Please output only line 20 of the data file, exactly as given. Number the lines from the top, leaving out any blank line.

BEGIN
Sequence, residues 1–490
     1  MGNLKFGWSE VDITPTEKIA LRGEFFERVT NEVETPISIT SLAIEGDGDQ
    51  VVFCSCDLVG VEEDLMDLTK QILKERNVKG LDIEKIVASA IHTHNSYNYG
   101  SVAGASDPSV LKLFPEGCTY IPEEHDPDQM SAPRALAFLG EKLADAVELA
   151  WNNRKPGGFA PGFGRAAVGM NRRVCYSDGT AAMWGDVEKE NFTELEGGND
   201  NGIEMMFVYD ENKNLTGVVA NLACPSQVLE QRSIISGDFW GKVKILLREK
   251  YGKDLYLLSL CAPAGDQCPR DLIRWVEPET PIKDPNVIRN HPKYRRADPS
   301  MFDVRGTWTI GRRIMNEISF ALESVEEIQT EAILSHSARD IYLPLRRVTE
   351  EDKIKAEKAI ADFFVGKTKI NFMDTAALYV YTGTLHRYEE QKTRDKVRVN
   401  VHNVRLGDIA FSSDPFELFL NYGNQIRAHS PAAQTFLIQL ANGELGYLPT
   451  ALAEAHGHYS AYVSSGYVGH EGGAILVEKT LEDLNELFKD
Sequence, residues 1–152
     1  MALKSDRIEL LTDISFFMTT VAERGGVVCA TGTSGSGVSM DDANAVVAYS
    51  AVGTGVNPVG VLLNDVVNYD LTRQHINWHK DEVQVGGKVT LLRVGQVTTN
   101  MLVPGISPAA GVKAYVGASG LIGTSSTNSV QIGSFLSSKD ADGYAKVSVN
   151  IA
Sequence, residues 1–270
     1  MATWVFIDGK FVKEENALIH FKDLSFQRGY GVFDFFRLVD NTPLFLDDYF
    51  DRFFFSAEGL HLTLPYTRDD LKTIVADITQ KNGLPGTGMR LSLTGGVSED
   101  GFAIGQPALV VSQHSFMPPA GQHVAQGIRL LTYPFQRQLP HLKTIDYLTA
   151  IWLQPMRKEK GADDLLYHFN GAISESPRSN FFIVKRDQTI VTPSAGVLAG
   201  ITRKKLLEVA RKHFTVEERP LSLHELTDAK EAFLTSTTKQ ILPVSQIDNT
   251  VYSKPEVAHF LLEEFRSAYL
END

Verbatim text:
   101  GFAIGQPALV VSQHSFMPPA GQHVAQGIRL LTYPFQRQLP HLKTIDYLTA